Ever stop to contemplate the size of an atom or ion? Martin Rahm, Roald Hoffmann, and Neil W. Ashcroft have. For consistency’s sake, these Cornell University scientists have just completed a systematic theoretical estimate of the atomic and ionic radii of the first 96 elements of the periodic table (Chem. Eur. J. 2016, DOI: 10.1002/chem.201602949).
They say the size question has been a natural one to ask over the past century, given that we have been collecting good experimental data on atoms in every form of matter and have increasingly reliable theories about the nature of atoms. Still, the Cornell group posits, there’s no unique answer to the query: “What is the size of an atom or an ion?”
One can just come up with carefully defined—but, in the end, arbitrary—criteria, Hoffmann says. And many researchers have. Ultimately, the validity of one or another definition is measured by how well it aligns with experimental data, in particular with crystal structures. The importance of having standardized estimates such as the Cornell team’s is to help understand ambiguities when rationalizing material properties, such as crystal packing and molecular structures.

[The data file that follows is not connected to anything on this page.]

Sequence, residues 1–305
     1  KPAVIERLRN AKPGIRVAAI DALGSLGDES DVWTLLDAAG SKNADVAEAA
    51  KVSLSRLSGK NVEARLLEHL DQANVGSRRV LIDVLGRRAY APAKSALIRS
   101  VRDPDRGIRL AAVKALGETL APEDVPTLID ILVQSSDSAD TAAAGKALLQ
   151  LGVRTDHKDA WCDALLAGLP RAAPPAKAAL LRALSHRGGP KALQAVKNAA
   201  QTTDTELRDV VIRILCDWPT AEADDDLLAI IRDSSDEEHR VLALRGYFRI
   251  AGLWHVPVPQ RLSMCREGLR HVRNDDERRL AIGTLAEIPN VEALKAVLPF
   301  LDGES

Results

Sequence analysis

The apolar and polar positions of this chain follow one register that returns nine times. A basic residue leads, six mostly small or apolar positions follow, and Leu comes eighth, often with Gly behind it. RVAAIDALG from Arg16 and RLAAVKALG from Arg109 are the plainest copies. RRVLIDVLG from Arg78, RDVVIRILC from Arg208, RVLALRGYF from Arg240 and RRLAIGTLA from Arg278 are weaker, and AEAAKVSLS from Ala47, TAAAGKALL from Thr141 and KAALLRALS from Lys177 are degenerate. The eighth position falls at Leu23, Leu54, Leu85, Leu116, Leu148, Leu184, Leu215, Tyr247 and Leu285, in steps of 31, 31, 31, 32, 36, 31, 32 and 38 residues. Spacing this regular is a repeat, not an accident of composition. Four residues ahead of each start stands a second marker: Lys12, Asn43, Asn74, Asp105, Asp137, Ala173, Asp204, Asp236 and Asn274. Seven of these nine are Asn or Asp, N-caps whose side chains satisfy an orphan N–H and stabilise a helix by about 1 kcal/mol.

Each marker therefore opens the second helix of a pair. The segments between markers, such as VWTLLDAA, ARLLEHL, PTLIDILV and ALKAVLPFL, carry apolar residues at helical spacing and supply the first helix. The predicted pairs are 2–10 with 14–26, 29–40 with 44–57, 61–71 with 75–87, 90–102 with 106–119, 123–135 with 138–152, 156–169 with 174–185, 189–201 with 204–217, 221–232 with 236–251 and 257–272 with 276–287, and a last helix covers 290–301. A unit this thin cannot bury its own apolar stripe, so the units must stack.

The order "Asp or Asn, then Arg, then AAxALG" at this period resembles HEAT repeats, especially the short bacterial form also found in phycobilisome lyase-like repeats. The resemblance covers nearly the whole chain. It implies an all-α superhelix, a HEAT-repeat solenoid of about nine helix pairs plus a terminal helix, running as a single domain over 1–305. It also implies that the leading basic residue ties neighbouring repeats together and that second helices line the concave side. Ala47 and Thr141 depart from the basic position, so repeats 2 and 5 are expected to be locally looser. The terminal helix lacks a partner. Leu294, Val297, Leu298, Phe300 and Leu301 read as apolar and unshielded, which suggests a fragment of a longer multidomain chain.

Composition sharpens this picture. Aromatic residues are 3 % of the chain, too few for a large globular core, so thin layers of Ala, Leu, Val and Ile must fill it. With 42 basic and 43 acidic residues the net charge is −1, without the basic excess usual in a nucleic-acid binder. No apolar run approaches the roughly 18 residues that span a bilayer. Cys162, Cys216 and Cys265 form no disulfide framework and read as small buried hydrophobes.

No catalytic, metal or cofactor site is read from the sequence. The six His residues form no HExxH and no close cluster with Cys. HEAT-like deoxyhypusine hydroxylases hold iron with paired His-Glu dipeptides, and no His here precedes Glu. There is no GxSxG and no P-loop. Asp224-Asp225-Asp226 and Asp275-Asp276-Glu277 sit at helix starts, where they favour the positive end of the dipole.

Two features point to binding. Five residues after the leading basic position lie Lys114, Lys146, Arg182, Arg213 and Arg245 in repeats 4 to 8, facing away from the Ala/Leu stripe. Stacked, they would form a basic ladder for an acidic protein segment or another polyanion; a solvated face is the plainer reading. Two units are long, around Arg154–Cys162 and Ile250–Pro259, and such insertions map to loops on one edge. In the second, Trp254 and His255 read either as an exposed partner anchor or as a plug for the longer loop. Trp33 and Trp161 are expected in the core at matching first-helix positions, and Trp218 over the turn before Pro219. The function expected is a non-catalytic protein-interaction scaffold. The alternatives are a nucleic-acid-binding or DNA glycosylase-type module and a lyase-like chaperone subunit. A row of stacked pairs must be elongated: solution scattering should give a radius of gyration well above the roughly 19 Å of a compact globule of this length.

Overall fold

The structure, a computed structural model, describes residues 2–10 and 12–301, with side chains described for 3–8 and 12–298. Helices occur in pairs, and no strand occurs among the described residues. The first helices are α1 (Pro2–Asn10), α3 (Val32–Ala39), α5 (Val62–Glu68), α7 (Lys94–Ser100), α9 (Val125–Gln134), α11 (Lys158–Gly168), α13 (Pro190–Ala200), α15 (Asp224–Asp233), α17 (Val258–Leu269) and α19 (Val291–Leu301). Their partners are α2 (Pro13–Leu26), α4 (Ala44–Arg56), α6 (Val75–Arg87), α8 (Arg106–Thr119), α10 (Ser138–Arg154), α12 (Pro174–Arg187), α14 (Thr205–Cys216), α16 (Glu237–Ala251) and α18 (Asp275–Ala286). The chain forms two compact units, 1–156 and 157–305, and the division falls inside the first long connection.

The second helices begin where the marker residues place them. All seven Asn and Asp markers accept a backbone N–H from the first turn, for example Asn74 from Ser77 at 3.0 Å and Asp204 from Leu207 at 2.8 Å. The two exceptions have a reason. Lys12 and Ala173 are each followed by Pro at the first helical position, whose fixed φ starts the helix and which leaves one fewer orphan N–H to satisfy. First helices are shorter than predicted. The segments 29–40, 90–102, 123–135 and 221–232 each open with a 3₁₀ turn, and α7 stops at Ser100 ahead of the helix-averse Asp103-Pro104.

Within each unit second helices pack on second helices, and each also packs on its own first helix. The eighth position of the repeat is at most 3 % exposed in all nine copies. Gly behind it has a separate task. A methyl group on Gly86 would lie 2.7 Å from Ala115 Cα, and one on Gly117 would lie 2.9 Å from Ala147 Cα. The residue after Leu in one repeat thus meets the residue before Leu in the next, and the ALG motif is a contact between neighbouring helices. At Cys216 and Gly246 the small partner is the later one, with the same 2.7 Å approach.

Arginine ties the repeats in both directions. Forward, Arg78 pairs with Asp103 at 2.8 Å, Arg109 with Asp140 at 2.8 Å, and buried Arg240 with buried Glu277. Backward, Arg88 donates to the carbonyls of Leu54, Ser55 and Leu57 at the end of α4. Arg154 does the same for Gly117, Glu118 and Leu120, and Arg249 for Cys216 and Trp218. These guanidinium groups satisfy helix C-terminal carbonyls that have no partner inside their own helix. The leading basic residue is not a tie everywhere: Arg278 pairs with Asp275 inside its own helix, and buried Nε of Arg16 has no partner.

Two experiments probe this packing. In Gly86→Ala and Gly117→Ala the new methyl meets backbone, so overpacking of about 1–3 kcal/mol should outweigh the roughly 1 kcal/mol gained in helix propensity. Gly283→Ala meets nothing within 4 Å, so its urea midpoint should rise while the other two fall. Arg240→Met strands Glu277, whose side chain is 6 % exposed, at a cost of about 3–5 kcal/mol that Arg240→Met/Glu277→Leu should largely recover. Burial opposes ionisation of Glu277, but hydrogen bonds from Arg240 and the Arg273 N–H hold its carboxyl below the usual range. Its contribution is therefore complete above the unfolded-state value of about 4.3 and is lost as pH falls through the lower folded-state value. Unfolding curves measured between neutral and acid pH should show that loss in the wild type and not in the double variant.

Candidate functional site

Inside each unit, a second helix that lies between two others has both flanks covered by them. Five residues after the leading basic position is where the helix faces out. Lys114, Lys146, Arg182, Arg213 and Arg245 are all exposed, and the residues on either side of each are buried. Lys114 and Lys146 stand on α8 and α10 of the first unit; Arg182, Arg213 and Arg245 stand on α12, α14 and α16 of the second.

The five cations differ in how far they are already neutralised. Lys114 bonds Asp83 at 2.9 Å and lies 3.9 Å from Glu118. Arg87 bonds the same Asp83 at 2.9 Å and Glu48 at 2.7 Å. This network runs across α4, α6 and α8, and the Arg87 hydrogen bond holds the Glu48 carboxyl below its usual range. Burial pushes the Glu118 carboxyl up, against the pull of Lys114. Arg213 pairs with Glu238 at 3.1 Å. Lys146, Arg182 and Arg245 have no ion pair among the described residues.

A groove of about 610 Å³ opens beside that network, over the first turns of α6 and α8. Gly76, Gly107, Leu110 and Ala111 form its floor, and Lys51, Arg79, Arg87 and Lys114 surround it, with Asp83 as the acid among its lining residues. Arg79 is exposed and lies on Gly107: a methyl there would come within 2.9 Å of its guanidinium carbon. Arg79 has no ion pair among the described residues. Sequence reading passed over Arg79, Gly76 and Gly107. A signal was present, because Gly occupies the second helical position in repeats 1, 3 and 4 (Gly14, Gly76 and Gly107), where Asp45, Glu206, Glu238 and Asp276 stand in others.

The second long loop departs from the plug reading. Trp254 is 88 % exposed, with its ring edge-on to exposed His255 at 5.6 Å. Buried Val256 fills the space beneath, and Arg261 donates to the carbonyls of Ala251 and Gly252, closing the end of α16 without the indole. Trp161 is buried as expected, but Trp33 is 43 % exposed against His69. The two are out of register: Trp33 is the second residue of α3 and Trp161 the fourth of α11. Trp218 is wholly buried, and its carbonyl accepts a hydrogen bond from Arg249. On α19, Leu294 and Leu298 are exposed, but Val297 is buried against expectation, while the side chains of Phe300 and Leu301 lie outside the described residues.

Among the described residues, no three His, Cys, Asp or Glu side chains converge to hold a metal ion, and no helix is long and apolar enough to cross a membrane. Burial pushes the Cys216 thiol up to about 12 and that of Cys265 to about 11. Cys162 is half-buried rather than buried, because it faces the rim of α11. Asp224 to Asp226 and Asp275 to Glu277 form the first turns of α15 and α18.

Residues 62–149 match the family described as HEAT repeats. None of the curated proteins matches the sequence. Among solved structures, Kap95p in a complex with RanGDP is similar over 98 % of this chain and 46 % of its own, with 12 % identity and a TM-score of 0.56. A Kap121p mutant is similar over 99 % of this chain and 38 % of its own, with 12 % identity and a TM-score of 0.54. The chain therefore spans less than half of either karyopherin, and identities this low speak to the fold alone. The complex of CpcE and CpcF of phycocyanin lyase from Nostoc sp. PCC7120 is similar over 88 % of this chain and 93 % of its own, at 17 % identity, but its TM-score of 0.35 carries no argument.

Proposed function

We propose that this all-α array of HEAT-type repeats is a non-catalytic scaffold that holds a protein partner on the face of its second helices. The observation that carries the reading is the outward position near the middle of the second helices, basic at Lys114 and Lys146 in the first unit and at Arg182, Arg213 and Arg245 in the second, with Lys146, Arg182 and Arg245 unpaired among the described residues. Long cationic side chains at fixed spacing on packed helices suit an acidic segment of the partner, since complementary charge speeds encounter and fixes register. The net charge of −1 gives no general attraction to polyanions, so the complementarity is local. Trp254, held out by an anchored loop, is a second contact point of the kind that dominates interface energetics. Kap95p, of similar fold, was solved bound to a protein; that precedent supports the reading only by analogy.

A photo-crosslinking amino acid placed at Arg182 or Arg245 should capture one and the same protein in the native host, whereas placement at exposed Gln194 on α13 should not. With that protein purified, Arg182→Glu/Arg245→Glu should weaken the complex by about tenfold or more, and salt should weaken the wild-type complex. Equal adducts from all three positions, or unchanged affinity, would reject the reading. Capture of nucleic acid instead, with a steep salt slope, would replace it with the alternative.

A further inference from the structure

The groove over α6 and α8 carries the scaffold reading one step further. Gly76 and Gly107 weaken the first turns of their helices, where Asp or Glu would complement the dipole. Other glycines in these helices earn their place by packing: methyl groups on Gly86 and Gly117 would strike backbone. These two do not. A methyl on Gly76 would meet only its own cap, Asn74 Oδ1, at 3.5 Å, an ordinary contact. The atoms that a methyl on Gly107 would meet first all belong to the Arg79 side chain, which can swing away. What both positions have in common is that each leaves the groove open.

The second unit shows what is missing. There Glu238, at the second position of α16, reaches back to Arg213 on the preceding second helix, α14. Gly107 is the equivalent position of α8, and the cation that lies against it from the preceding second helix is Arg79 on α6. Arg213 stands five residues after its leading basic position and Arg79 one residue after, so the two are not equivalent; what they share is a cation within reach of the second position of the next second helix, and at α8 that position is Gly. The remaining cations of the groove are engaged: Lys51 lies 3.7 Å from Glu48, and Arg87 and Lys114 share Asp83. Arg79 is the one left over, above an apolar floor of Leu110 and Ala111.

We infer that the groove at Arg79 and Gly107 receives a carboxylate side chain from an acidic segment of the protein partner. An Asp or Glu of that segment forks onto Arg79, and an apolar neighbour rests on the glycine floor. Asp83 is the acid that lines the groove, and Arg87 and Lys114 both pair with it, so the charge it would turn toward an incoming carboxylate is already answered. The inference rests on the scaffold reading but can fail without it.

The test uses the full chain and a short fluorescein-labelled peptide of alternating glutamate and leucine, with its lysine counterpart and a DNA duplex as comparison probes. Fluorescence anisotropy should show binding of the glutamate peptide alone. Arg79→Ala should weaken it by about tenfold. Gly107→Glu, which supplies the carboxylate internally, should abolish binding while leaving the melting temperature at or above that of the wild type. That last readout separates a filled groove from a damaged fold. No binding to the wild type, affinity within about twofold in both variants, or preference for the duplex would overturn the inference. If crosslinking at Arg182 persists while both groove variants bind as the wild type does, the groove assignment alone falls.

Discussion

Rahm, Hoffmann, and Ashcroft began by setting up a size limit. Building on prior estimates, they settled on a cutoff being the average distance from the nucleus where the electron density falls to 0.001 electrons per bohr3, where bohr is the Bohr radius, which is 0.53 Å. The radii were then derived using relativistic all-electron density functional theory calculations. This approach provides radii that “agree remarkably well” with experimental estimates of radii derived from crystal structures, the researchers note.